Visa requirementsTjeck:http://www.thaiembassy.ca/en/visiting-thailand/visas/general-visa-info
Languages spokenThai
Currency usedThb

Sports & nature

Even though Hua Hin is quiet little seaside town, you can where you can find a kaleidoscope of activities for every inspiration and motivation whether it is land based or waterborne activities and relaxing, strenuous and sportive ones. All activities can be found on the beach and inland at reasonable fees. The stunning landscape of these areas allows abundance of activities that can be done in the natural resources such as sailing, kiteboarding, snorkeling, scuba diving, horse riding on the beach and many more. If you want to feel driven by adrenaline, there is a variety of exciting things to do here as well, for example Go Karting, paintball, visiting safari and adventure park. Relaxing and educational activities are also available.Sports and nature image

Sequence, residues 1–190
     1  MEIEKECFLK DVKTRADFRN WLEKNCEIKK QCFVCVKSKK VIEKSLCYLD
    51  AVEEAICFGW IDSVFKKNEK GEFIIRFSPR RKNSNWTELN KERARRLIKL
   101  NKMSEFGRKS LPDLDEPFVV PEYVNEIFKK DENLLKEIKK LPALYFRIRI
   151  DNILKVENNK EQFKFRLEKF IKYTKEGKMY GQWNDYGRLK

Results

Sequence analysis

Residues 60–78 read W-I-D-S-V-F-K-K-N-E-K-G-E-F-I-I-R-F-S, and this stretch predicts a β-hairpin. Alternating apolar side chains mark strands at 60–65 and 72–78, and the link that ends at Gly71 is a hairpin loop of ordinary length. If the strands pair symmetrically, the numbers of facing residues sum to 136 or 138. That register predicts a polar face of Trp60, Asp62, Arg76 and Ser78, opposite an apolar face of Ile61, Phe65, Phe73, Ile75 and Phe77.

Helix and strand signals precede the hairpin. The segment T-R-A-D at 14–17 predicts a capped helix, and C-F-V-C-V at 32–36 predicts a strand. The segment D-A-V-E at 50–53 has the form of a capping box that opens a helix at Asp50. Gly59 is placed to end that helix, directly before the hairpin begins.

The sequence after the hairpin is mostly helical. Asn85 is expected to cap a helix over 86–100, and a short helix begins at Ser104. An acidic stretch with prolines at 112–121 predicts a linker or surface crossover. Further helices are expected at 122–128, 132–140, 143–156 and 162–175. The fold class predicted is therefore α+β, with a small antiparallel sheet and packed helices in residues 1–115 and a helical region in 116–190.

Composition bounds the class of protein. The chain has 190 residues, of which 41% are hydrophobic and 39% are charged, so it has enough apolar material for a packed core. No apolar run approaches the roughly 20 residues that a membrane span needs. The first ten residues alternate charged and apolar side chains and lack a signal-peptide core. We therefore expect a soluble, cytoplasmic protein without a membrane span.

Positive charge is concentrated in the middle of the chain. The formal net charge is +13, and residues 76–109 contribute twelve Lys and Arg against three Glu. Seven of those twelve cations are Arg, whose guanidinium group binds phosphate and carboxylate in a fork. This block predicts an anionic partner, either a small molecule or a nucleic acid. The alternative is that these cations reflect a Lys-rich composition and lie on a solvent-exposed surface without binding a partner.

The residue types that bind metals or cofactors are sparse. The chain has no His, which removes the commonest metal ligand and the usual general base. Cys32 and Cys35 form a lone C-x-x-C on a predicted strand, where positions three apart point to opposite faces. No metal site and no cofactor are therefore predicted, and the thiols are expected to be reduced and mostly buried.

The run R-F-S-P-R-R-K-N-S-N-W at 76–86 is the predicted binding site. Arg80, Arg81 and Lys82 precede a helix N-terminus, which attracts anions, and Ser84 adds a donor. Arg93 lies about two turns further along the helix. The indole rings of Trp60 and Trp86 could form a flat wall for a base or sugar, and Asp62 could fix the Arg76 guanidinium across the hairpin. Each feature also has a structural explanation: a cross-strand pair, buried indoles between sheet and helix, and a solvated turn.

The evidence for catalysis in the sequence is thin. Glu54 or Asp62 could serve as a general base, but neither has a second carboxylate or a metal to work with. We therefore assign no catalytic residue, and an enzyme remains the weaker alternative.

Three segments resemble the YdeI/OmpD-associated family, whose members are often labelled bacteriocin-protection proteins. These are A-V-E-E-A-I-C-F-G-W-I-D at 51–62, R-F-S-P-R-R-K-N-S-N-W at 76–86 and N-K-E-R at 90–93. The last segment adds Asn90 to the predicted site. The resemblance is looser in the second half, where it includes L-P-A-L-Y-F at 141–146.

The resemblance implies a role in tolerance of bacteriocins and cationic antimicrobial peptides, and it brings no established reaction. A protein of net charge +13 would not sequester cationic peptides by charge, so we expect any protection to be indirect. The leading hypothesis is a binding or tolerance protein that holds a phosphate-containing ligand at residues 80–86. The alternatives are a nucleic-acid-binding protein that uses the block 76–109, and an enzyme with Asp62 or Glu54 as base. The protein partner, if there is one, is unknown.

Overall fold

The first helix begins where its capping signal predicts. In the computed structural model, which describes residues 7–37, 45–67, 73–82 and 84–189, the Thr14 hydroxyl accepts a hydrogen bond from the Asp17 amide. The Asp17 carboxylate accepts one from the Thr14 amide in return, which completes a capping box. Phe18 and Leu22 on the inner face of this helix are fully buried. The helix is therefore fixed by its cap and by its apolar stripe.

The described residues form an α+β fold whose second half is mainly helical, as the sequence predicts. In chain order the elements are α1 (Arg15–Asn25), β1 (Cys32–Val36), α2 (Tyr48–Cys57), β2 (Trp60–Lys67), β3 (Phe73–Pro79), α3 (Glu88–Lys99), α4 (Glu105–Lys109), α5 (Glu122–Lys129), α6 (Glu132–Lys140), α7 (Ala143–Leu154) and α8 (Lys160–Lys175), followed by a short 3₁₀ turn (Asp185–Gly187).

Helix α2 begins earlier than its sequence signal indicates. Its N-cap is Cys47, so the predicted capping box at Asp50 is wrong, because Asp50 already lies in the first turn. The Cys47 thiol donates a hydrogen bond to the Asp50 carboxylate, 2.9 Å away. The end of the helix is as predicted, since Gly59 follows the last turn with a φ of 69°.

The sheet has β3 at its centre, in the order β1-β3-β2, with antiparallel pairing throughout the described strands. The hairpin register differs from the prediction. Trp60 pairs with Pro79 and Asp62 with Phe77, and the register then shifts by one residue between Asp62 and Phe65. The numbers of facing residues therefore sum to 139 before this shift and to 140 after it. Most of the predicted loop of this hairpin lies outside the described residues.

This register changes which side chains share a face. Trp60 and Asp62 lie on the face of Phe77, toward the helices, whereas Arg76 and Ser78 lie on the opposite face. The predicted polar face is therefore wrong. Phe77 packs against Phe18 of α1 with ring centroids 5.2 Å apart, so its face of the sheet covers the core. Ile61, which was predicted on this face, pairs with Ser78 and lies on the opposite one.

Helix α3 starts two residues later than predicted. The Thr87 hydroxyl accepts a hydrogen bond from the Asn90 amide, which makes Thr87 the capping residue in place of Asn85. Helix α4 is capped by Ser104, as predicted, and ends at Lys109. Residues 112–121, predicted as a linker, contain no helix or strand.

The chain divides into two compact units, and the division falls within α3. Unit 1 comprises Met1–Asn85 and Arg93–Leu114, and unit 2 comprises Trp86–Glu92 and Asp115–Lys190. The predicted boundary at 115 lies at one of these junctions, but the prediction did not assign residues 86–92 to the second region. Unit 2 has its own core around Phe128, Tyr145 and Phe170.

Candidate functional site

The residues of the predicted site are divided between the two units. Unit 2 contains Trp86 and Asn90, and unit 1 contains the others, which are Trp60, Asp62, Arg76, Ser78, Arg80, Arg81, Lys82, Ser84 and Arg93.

Nightlife info

Dining in Cha-Am and Hua Hin is something that is very delicious and inexpensive. The shores and Golf of Thailand is this idyllic beach retreat. Most notably, Hua Hin's geographical position makes it a perfect place to savor some seafood specialties, hearty food, steaks, sushi and traditional Thai fare are easily found everywhere in Hua Hin. A visit to Cha Am, Hua Hin and Khao Takiab is incomplete without tasting some of the local seafood dishes. The usual approach is to pick the type of seafood (blue crab and tiger prawns are highly recommended), then how you’d like it cooked, hot pot style, grilling, steaming, deep-frying …... There are many dining options in the Hua Hin area serving thai, French, Western, Chinese, Indian, Mexican, Danish and Japanese food. Hua Hin is very inexpensive, although prices can vary from as little as 20 baht for street food to more than + 4,000 baht for delicacies at the upscale restaurants. Dining by the sea is not a luxury but more of a common feat for every one coming to Hua Hin. Be sure to taste Tom Yum Gung; the spicy and sour prawn soup is considered Thailand's national dish. For those looking for a drink after the sun goes down, there is an ample supply of bars and pubs, some of which have live music. In addition, all of the hotels have bars and lobby lounges, many featuring live entertainment, like in coco 51 and the internationals hotels like the old Sofitel, today known as Centara Grand Beach Hotel.